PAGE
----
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An Interview With A Bitcoin Hacker

An Interview With A Bitcoin Hacker

I tracked down the supposed perpetrator of one of the largest Bitcoin heists in the crypto gambling world. He agreed to give a world-first exclusive insight into the before-and-afters of a large-scale orchestrated theft.

Backstory: In mid-2014, HufflePuff managed to win more than US$1,000,000 from Primedice by taking advantage of its flawed client-server seed pair mechanism. The trick was later discovered, but HufflePuff refused to return the coins and his identity remains hidden to this day.

Massive heists have become commonplace in Bitcoin e-commerce. Ever since the currency became worth a tiny fortune, everybody has been trying to get their hands on them.

Hundreds of millions of dollars worth of cryptocurrency has been ripped from the hands of large Bitcoin businesses over time and the vast majority appear to get away with it.

The first major heist was Mt Gox’s early 2011 loss of 25,000 Bitcoins, worth US$500,000 at the time. Later, the exchange company famously lost a staggering $436 million—a crisis that will never be forgotten.

I had the rare opportunity of talking to a Bitcoin casino operator’s most hated player. In 2014, he (allegedly) semi-famously skimmed 2,400 Bitcoins from popular dice casino Primedice over two months. Initially, Primedice staff couldn’t find any wrongdoing and so they paid him out, with the hopes that he would keep gambling and eventually lose.

Unfortunately for Primedice, that time never came. He did keep gambling, but he kept winning. It wasn’t until he racked up a profit of over US$1,000,000 that Primedice staff detected the exploit.

Crypto-casinos like Primedice use a mechanism called provable fairness to prove that it isn’t cheating its players. In this case the feature, which was designed to nurture trust, backfired on the casino. Hufflepuff supposedly cheated Primedice by flooding its seed generation function until the server erroneously spat out a decrypted-yet-playable server seed. Because the server seed was decrypted, the hacker now knew ahead of time whether his bet was a winner.

It is unknown how devastating an effect the hack had on Primedice’s investors, but the casino is still around to this day, trusted with over 1 Bitcoin per minute.

This is what he had to say.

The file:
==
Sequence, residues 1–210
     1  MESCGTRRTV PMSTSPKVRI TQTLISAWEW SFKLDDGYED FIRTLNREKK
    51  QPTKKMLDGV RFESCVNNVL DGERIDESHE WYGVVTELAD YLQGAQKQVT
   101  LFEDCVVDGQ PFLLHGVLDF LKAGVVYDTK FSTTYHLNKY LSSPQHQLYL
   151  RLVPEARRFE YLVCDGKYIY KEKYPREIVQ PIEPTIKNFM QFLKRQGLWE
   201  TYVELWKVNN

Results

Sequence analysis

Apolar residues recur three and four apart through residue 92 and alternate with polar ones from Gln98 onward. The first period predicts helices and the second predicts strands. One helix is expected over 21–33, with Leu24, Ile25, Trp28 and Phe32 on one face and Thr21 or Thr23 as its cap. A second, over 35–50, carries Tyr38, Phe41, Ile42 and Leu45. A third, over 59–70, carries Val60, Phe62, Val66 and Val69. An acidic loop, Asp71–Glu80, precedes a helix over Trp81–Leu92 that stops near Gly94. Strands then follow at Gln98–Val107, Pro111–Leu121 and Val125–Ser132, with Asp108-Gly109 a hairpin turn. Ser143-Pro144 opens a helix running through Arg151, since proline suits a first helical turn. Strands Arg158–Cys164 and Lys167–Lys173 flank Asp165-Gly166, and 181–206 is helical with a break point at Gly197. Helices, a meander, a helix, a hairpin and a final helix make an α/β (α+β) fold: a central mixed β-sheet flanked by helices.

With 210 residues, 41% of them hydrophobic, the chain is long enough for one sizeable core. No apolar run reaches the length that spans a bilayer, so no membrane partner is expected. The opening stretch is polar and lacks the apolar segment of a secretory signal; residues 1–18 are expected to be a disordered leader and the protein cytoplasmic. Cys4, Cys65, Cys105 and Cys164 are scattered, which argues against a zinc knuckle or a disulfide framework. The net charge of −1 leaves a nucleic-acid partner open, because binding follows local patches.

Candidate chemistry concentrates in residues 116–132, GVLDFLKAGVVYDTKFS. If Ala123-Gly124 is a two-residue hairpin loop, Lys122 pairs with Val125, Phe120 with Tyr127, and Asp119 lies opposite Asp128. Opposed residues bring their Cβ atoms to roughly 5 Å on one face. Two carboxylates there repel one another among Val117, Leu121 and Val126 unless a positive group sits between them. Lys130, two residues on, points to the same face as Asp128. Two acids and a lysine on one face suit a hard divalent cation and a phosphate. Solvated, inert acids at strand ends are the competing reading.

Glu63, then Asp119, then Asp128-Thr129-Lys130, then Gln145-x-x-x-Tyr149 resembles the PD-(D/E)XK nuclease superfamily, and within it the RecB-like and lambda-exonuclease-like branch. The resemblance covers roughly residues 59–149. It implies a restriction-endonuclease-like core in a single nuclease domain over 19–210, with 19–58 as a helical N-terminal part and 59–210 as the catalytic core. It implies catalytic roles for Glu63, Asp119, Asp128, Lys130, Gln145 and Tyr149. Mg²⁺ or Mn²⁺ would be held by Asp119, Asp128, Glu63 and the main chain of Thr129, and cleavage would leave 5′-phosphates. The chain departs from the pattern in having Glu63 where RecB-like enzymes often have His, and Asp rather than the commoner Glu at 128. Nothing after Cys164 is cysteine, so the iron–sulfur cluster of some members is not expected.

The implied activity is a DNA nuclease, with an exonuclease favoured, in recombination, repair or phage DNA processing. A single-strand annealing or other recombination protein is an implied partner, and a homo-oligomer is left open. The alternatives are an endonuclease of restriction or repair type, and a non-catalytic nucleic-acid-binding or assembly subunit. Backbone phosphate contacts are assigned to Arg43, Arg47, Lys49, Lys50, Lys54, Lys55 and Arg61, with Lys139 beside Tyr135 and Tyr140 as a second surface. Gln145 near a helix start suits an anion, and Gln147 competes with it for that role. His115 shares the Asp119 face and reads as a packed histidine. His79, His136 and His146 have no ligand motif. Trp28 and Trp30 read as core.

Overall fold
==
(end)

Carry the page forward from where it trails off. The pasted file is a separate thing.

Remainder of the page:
Interview with Hufflepuff You pissed off a lot of people. Do you feel remorse for your actions?

HufflePuff: Absolutely not. I know that I caused Stunna grief, but he is doing just fine. Besides, I took the money fair and square. Let’s go back to the beginning. When and how did you get involved with Bitcoin?

HufflePuff: I learnt about Bitcoin from a friend in 2013, during the price surge. At the time, Bitcoin was trading at $220 US. I’ve always been an opportunist, and so when I came across Bitcoin casinos, I immediately looked for easy targets. Can you tell us a little about yourself? What’s your rough geographical location and what do you do for a living?

HufflePuff: No. I’ve been careful to be anonymous. Fair enough. Are you behind any other Bitcoin casino attacks?

HufflePuff: I’m not going to lie to you, and I’m not going to answer that question. It would be stupid to. Do you have any plans to return the stolen funds?

HufflePuff: I didn’t steal anything, and so, there is nothing to return. I was willing to have a dialogue with Stunna from the get-go, but he came straight away with heavy threats. That was a bad move. In a way, I’ve done Stunna and the community a favor, by shining a light on their stupidity. Do you play on any Bitcoin casinos today?

HufflePuff: No. I don’t trust them. Bitcoin casinos are run by idiots, like I demonstrated. I wouldn’t trust any of them. Not with a single dollar. Why do you say they’re all idiots?

HufflePuff: Look at how long they took to figure it out. It took Primedice months, because the staff didn’t even understand how its own system worked. Even after it was over, they blamed it on their RNG. That had little to do with it. It was a race attack. Why $1 million? Why not more?

HufflePuff: I didn’t stop at $1 million. After Stunna sent me those threats, I kept playing. I was able to withdraw an extra 100 BTC before they finally changed their code. What were these threats you keep mentioning?

HufflePuff: I was messaged many threats from the owner. He threatened to release my details to the authorities, and promised he would land me in prison, if I didn’t pay. It was extortion. It wasn’t friendly. On the subject of repercussion: Is that something you are worried about?

HufflePuff: Absolutely not. What I did was not illegal. Primedice, on the other hand, is an illegal casino. Do the math. So how do you cash out $1 million (more now) of “stolen” Bitcoins?

HufflePuff: Simple. You don’t. What are you planning to do with the money?

HufflePuff: Pass. Is there anything else you would like to add?

HufflePuff: Yes. Primedice still has some pending withdrawals that they need to process.

Disclaimer: I cannot guarantee that the person I spoke to was in fact HufflePuff, nor do I have any additional information that could lead to his real-life identity. Sorry folks.

Published by Jen Van Lier

Jen Van Lier

About the author

As website manager, Jen contributes reviews and updates to The Bitcoin Strip on a daily basis. Jen worked in the casino industry for 9 years before focusing on Bitcoin in 2016. She writes on subjects ranging from traditional slots all the way through to unique Bitcoin games, provable fairness and Ethereum smart contract gambling.

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